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100 Days of Vols #20 - The Sounds of Gameday

These are the sounds of Gameday.


One of the things I missed the most about the Vols when I moved from Knoxville to the Tri Cities was, well, most everything that can be attributed to proximity. The closer you are to Knoxville, the more "more" everything is: Restaurants and other businesses all over town are decked out in orange and white, folks are dressed in Saturday colors all week, and conversations about the Vols fill the airwaves from sun up to sun down every day of the week, particularly on gameday Saturdays. There is some smattering of that up here -- it is still Big Orange Country, after all -- but the concentration is not the same.

When living in Knoxville, I absolutely loved the all-day gameday programming on the Vol Network. I turned it on in the kitchen while making breakfast. I had it on in the car while getting some chores and errands out of the way. I listened intently over the other noise so that I could hear it in the background at most of the stores I visited. I didn't just listen on the way to the game. I listened all day long.

I went to great effort to recapture some of that when I moved here. I immediately found the live stream online, but that only got me through breakfast and too often ended up with eggs on the laptop. So I went out and got one of those wireless headsets that would broadcast radio stations to a distance of about 100 feet, and if I planned the mowing just right, that got me another couple of hours while on the tractor Saturday mornings. When I got desperate, I set up an elaborate system that would capture and record the online stream in the background during the week so that I could then download it to my iPod and take with me in the car for errands.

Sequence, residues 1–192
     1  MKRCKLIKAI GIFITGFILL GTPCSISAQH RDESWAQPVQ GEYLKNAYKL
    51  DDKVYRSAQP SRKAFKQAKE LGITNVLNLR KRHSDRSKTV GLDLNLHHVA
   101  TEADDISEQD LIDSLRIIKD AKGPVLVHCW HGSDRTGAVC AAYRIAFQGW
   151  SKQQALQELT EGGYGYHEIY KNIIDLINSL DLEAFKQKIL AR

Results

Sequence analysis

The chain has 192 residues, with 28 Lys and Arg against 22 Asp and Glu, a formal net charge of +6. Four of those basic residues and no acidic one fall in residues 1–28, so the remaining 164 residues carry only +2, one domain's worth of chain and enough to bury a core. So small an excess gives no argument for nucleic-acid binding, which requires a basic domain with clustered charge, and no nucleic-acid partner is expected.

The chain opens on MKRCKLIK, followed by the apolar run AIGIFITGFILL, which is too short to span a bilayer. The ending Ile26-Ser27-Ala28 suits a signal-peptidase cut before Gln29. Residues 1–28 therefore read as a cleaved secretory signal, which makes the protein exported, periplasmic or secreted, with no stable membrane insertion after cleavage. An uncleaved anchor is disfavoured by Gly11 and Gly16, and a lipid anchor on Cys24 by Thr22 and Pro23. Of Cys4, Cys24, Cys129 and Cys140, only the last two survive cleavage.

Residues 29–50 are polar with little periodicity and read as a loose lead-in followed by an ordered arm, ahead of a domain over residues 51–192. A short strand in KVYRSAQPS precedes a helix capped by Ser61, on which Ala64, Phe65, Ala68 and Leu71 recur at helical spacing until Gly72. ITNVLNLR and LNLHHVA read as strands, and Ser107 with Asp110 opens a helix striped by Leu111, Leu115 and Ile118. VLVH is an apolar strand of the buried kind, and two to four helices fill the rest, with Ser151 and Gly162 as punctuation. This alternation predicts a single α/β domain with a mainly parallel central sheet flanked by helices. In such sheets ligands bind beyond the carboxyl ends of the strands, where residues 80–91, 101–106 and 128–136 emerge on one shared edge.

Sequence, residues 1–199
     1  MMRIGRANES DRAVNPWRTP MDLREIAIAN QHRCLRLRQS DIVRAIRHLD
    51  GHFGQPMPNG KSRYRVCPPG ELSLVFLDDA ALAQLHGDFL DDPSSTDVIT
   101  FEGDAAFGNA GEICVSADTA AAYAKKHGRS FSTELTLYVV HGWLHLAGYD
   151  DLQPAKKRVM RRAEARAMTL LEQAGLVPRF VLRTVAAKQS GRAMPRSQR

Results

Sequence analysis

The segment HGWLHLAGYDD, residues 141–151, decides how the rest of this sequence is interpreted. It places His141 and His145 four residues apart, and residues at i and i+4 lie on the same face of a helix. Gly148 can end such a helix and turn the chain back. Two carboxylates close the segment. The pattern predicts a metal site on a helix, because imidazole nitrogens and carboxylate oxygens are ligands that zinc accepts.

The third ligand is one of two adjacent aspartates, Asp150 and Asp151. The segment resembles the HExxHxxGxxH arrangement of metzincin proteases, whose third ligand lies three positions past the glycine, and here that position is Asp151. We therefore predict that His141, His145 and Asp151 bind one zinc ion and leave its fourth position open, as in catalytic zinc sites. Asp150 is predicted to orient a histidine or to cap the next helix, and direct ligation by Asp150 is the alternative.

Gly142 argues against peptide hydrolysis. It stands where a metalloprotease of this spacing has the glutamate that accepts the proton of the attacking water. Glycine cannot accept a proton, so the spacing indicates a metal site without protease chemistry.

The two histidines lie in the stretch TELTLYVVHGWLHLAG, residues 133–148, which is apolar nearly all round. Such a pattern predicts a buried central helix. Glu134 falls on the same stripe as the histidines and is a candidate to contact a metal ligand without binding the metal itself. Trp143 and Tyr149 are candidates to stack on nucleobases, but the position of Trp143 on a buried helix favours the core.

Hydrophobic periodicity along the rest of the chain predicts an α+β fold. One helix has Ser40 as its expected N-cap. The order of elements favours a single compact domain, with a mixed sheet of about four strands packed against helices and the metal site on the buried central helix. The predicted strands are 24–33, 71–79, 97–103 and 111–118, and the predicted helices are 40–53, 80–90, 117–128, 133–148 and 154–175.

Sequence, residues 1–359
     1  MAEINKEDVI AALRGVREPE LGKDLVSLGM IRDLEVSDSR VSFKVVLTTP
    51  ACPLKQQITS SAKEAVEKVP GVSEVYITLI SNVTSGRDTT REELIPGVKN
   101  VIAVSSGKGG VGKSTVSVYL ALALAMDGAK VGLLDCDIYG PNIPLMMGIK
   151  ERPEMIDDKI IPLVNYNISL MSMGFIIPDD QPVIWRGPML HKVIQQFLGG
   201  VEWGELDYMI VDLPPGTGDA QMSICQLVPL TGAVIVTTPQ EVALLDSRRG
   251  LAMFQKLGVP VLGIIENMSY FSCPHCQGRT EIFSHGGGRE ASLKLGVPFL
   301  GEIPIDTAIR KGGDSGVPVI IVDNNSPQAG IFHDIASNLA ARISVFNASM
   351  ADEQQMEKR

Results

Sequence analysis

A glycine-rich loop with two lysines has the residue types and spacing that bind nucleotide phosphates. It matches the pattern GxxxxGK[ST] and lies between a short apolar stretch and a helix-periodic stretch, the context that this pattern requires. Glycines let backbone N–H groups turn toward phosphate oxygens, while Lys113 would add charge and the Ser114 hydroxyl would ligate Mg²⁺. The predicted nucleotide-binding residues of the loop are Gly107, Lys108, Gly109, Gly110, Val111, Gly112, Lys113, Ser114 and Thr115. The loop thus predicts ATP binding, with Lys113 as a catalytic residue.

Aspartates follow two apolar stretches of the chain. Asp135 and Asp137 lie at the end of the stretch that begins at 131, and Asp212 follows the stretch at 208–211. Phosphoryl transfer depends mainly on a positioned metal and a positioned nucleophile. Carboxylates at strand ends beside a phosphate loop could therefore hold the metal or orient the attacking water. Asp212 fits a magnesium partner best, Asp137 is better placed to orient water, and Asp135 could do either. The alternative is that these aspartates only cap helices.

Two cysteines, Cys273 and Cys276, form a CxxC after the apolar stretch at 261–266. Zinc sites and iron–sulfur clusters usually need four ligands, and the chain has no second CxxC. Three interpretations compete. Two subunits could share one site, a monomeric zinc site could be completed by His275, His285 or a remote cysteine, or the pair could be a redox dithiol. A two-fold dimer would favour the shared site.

It wasn't really just the information I was after, it was the sounds. John Wilkerson's voice will forever evoke a sense of nostalgia and longing for Knoxville in me. I even enjoy the regular commercials (Brown Squirrel Gameday All Day!). Hearing Gus Manning and Haywood Harris (rest his Big Orange soul) was like listening to my grandpa talk on his front porch as the pickups drove by.

I loved listening to the guy with the severe speech impediment (sorry, I forget his name) who used to call in and show the rest of us what it means to be a passionate fan, that guy named Mike who everybody hated with equal passion (and who eventually got banned as a caller and then got his own show?), and even the sound of that casual fan calling up and asking a question that had already been answered fifty times in just the previous segment.

These are the sounds on the airwaves of Gameday in Knoxville, and to me, they sound like home, sweet home.